Dubai: A sought after international percussionist living in Dubai with 450 performances to his credit last year is now out of job.
That’s no surprise for Italian expat Walter Scalzone, who has lived in the UAE since 2012.
“The music and entertainment industry has taken a beating these last two months with the closure of social and public events amid a COVID-19 outbreak in the country. But I love music and I love what I do,” he said.
Scalzone is sharing his music in a bid to entertain people from the comfort of his balcony and the view is remarkable.
Scalzone stays in Dubai Marina and his balcony overlooks the water. “The sunsets are beautiful here and that is why every week I play my music from here.”
Every Sunday from 7pm to 8pm, Scalzone takes out his cherished instrument the Handpan and plays ten tracks for the listening pleasure of his neighbours and friends on social media. He has even given it a name calling it “Uncancelled Sundays.”
“From doing 42 gigs in a month to having all my events cancelled, this is one show from my house that will not be cancelled. And that is why I have given it this name. For someone who only knows to perform I have found my new stage and it is my balcony.”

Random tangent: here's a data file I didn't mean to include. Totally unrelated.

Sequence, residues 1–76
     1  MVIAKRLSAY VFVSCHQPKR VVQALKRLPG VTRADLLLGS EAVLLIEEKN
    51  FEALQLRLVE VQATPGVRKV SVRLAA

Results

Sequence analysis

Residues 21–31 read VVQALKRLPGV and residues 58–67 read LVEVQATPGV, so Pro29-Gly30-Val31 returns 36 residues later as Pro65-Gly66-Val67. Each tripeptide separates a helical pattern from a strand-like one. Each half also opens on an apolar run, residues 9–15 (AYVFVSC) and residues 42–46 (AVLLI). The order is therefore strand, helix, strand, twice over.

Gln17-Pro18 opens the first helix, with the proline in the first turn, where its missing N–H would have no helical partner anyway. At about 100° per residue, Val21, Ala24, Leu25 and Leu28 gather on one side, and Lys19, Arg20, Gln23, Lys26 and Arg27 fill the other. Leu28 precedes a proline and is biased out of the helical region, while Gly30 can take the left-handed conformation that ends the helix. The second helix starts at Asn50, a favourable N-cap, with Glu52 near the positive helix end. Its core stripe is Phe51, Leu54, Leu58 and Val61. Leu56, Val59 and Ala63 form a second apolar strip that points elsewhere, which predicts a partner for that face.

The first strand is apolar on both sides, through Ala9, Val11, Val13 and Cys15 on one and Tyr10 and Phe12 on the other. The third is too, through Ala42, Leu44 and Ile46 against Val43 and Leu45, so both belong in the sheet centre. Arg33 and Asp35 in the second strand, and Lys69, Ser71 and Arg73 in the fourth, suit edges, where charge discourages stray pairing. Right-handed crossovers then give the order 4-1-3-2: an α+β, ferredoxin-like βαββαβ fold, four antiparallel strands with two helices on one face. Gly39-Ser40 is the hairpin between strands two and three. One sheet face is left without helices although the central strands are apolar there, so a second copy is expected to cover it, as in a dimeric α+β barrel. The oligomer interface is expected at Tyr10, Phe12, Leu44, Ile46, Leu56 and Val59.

Scalzone’s first balcony performance was on March 20 and it was a tribute to his country Italy, which was in the peak of a COVID-19 pandemic at the time. “I haven’t stopped after that,” he said.
For the uninitiated the Handpan is a term for a group of musical instruments that are classified as a subset of the steelpan. The basic form of a Handpan consists of two metal half-shells glued together, a centre tone field (named Ding) surrounded by a circle of at least seven tone fields on the upper side and an opening in the bottom side (named Gu).
“It has a very unique and soothing sound. It is an instrument close to my heart. I miss playing it, I miss performing on stage.”
Scalzone last performed on March 15 at Coya Dubai. “I never thought I would be out of work for months after. From leading a busy life to now counting my fingers, I wish things would change soon. But I know I am not alone in this. There are so many like me who are feeling the heat of the pandemic. But music is therapy and I want to share for all.”
“Today, my industry has been highly affected and I know artists will be the last ones allowed to perform their work. But I am not giving up my art.”
Scalzone plays around ten tracks every Sunday. One of them is played out on his Instagram handle @walterscalzone. People can also listen to his work on you tube and Spotify.